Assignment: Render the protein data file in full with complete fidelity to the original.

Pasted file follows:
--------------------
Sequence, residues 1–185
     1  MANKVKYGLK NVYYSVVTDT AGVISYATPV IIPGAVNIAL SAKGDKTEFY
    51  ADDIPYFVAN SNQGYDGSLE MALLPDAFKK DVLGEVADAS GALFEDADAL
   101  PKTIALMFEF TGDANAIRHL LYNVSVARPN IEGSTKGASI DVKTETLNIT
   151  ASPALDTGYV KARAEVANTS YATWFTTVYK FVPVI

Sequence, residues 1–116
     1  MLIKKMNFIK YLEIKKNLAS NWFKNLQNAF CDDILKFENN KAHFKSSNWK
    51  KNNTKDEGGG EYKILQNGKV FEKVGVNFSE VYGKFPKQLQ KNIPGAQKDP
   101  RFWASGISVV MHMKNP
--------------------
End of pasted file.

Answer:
Sequence, residues 1–185
     1  MANKVKYGLK NVYYSVVTDT AGVISYATPV IIPGAVNIAL SAKGDKTEFY
    51  ADDIPYFVAN SNQGYDGSLE MALLPDAFKK DVLGEVADAS GALFEDADAL
   101  PKTIALMFEF TGDANAIRHL LYNVSVARPN IEGSTKGASI DVKTETLNIT
   151  ASPALDTGYV KARAEVANTS YATWFTTVYK FVPVI

Sequence, residues 1–116
     1  MLIKKMNFIK YLEIKKNLAS NWFKNLQNAF CDDILKFENN KAHFKSSNWK
    51  KNNTKDEGGG EYKILQNGKV FEKVGVNFSE VYGKFPKQLQ KNIPGAQKDP
   101  RFWASGISVV MHMKNP